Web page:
On August 14, 2019, the Association for Federal Enterprise Risk Management (AFERM) and the Information Systems Audit and Control Association (ISACA)-Greater Washington DC (GWDC) hosted a luncheon featuring a panel discussion. The panel was comprised of Jonathan Cantor, Chief Privacy Officer of the Department of Homeland Security (DHS) and Edward Killen, Chief Privacy Officer of the Internal Revenue Service (IRS). Karen Sheely, Technical Advisor for Privacy, Governmental Liaison and Disclosure at the IRS, moderated the panel.
The panel’s discussion of ERM and privacy risk management covered topics such as: emerging privacy risks; challenges and recommendations related to the management of privacy risks; and how the disciplines and related functions of privacy and enterprise risk management can work together in an organization.
Ms. Sheely asked the panelists to provide their perspectives on the biggest risks facing their privacy work. Panelists discussed how the proliferation of information, particularly personally identifiable information, in the data ecosystem and the use of emerging technologies has introduced new risks and potential exposures in the area of privacy.
Mr. Cantor noted that new types of data, such as biometrics and facial recognition, as well as emerging technologies, such as artificial intelligence and machine learning, raise a number of questions related to privacy. He noted that when implementing these capabilities, it is important to spend time considering privacy and other risks upfront. For example, when implementing a particular initiative at DHS, the Department convened an advisory committee of advocates to provide external feedback on and validation of the planned approach. As another example of this upfront approach to managing privacy risks, Mr. Cantor described how the Department was engaged early in the drafting a recent executive order, in order to ensure that privacy protections were specified.
Both panelists noted that finding and retaining personnel who are skilled in these disciplines and have the ability to communicate across different levels of proficiency remains a challenge.
Managing Privacy Risks with ERM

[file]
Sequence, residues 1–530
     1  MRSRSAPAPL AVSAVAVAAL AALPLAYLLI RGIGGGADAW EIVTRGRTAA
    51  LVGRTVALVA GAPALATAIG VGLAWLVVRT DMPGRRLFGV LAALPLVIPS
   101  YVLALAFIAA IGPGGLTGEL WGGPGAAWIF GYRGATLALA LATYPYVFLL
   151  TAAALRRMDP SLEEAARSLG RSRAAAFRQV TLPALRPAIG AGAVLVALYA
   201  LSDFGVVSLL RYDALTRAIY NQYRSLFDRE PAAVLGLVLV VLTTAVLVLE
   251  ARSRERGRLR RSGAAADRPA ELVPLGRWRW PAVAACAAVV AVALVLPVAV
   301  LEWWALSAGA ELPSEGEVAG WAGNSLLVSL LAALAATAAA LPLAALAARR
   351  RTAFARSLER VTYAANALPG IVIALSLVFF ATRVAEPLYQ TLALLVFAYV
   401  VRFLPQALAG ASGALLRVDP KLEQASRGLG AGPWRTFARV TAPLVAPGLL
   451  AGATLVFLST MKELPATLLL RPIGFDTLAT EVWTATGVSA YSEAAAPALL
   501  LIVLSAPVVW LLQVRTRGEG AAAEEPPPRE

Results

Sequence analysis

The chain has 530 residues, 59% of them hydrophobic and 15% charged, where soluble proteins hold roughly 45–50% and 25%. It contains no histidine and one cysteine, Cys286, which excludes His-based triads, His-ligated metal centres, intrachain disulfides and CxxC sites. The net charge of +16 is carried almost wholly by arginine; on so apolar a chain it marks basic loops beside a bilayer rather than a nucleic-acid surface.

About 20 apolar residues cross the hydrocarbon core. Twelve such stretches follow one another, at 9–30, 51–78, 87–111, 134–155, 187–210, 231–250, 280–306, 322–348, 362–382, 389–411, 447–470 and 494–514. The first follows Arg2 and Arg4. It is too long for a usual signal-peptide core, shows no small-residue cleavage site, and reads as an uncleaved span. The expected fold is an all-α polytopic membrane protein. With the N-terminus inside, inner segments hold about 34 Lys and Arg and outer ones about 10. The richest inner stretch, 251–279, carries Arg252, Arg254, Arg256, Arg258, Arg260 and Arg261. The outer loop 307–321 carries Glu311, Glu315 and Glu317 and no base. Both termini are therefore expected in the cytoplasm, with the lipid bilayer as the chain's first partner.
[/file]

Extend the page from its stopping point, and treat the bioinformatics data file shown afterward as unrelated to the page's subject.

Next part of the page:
Next, Ms. Sheely asked panelists to discuss how ERM can help to manage risks related to privacy. Mr. Killen noted that ERM is critical to elevating issues, and specifically cited several privacy-related areas where ERM has been useful to the IRS. When discussing privacy risks, Mr. Killen cautioned attendees to remember the importance of reputational impacts, and how risks to an organization’s reputation can undermine operations. Mr. Killen further described the benefits of ERM at IRS, indicating that it has called further attention to some enterprise risks, resulting in increased focus and attention on them.
Mr. Cantor emphasized the importance of recognizing that risks to privacy are risks to the enterprise. Additionally, according to Mr. Cantor, it is critical to embed privacy into the entire lifecycle of an engagement, starting with the design phase; by doing so, an organization can avoid or mitigate risks to privacy and data.
Challenges to Integrating Privacy and Risk
Lastly, Ms. Sheely asked panelists to discuss challenges to integrating privacy and risk management. Both panelists cited cultural factors, noting that employees often have a natural reluctance to discuss risk. Mr. Cantor noted that encouraging transparency and partnership, engaging in good faith discussions about risk, and reinforcing the concept that everyone is a risk manager can help to facilitate healthier risk conversations in an organization. Mr. Cantor seconded the importance of addressing cultural factors and encouraging risk reporting. Mr. Cantor also reiterated his recommendation to engage privacy experts in the early stages of an initiative, so that privacy or other risks are addressed upfront, in the design stage.
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